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The UK's new Civil Nuclear Roadmap to 2050 offers the tantalising prospect of a renaissance for nuclear power. Success hinges on the execution of the nascent proposals being consulted on, as well as wider reforms to the planning system. These demand greater radicalism than is so far implied. Importantly the Labour Party broadly shares the 2050 Roadmap's ambitions in its recently updated plans.

As a firm, we take pride in having advised on the development of Hinkley Point C and Sizewell C. These are set to be the UK's first new nuclear generating stations since 1995. Our role encompassed various aspects including planning, real estate, income support mechanisms, financing, corporate, construction, and nuclear energy and wider regulatory advice. Drawing on this experience and our roles on nuclear projects around the world, we appreciate the UK nuclear sector's highly regarded institutional and regulatory framework. Furthermore, France's experience (see Why Nuclear? box below) demonstrates that, even at this late stage, nuclear could meet even more challenging 2050 energy transition deadlines, with sufficient will. However, the speed of the UK's delivery record since new nuclear's green-light in 2008 shows the status quo is not compatible with the UK's ambition to quadruple nuclear power to 24GW by 2050.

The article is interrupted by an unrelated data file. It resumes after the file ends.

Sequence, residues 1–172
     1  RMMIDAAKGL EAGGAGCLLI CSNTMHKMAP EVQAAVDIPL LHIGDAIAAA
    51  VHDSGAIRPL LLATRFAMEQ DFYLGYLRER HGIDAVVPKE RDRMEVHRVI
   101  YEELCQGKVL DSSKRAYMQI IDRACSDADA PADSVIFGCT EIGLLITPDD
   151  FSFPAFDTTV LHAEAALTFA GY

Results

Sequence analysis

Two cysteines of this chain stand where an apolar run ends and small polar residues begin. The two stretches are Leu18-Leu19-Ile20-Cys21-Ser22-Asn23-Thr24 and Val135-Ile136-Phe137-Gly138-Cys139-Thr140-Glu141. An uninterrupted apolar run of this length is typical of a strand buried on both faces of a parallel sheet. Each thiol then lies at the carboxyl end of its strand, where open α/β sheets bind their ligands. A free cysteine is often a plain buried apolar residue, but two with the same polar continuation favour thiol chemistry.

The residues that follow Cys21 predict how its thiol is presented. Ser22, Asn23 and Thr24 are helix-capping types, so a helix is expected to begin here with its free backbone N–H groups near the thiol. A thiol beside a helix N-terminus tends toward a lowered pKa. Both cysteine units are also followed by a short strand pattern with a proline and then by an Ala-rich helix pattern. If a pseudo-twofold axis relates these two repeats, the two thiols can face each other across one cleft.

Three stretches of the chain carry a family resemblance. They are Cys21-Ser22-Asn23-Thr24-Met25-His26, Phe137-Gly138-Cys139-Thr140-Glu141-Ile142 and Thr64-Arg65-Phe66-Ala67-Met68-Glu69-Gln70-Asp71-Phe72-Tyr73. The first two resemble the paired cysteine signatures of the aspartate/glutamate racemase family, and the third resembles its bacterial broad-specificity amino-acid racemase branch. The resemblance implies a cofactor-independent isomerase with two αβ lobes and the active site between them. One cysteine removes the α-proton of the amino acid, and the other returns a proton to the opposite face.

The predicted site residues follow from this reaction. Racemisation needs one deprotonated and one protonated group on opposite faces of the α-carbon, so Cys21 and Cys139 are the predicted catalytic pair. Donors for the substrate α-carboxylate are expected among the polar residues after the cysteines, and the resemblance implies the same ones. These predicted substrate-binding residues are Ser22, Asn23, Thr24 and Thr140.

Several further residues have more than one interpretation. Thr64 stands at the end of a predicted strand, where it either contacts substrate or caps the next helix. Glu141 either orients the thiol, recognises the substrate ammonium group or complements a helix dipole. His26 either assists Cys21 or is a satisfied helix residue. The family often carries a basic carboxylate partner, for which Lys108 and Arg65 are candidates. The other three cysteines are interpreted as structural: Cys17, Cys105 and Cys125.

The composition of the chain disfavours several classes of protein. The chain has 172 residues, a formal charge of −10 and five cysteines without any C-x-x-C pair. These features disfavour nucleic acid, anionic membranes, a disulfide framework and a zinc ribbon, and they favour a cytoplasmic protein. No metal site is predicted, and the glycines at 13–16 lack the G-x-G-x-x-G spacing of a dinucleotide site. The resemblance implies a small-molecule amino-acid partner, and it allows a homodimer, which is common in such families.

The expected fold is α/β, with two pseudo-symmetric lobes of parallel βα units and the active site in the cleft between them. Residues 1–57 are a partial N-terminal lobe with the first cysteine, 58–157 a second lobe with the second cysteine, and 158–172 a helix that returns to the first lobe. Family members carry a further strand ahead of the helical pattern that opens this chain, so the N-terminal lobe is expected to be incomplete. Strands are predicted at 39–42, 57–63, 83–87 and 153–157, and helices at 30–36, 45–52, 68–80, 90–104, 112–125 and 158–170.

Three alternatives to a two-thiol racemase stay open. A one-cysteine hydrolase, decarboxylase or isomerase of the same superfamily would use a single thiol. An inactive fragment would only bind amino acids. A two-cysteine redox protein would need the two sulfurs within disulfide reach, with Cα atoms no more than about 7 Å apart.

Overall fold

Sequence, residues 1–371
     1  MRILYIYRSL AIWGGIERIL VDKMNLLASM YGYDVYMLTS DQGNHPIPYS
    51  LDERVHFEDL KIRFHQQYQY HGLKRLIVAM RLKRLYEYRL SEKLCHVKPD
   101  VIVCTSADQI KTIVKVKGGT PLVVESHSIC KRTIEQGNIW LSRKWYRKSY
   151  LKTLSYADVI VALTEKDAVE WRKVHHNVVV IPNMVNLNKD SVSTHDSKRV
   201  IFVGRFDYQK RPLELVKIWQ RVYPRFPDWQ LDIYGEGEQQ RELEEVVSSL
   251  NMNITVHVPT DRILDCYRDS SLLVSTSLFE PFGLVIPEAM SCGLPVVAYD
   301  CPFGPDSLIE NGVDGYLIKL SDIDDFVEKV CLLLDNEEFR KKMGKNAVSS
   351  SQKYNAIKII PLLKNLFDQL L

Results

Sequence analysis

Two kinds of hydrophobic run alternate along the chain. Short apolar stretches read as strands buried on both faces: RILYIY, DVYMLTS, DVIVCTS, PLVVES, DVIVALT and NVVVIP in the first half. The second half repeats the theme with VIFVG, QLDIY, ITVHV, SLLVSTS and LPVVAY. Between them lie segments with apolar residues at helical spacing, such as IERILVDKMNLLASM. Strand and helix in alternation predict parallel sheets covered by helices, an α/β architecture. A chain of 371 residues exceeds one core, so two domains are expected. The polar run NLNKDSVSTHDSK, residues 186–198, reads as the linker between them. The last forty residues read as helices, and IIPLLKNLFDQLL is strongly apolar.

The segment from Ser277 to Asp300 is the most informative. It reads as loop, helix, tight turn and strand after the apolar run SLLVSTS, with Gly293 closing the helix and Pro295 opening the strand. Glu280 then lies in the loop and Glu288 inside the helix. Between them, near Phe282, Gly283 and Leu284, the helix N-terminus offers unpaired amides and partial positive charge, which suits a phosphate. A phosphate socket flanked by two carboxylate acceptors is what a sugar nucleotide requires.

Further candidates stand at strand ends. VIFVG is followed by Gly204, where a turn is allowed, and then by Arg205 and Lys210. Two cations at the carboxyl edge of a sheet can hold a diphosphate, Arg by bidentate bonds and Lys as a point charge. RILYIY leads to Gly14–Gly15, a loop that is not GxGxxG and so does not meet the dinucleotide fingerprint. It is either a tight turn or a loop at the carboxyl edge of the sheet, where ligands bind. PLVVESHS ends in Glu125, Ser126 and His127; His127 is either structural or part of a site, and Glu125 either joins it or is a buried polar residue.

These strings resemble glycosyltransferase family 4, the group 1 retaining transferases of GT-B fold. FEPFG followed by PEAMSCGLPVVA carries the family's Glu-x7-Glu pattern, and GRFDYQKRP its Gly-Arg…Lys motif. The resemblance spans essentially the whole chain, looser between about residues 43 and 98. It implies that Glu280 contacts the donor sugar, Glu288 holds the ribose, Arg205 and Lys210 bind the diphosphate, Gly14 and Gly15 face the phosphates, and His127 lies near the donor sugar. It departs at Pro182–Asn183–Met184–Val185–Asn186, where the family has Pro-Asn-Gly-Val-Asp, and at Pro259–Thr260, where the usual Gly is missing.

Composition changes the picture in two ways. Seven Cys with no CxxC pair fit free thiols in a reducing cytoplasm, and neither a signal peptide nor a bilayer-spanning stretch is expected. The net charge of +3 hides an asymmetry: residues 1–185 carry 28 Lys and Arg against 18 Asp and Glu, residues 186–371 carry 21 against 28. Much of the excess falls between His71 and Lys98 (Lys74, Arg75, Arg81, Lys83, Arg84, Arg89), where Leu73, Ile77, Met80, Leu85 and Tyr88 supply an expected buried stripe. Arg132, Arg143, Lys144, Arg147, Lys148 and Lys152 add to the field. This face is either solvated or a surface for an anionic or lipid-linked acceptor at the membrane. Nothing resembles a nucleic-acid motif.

Thankfully the Civil Nuclear Roadmap to 2050 (the 2050 Roadmap) accepts the need to move from the status quo and to give greater clarity and confidence to the nuclear sector and investors on the challenging 2050 timeline. However, we encourage those responding to the consultations, by 10 March and 4 April 2024 respectively, to be robust in helping the government identify potential for streamlining and acceleration. There is scope to do better. Please let us know if you would like to discuss.

The 2050 roadmap

Actions for the next 12 months include:

The longer term:

  • British Energy Security Strategy's nuclear power ambition re-confirmed (24GW by 2050) – providing around a quarter of the UK's electricity needs (with electrification doubling or even trebling demand);
  • aiming to secure investment decisions to deliver 3-7GW every five years from 2030 to 2044 to meet this ambition; and
  • develop policy and capability to support advanced nuclear investment further to the two consultations.

Great British Nuclear (GBN)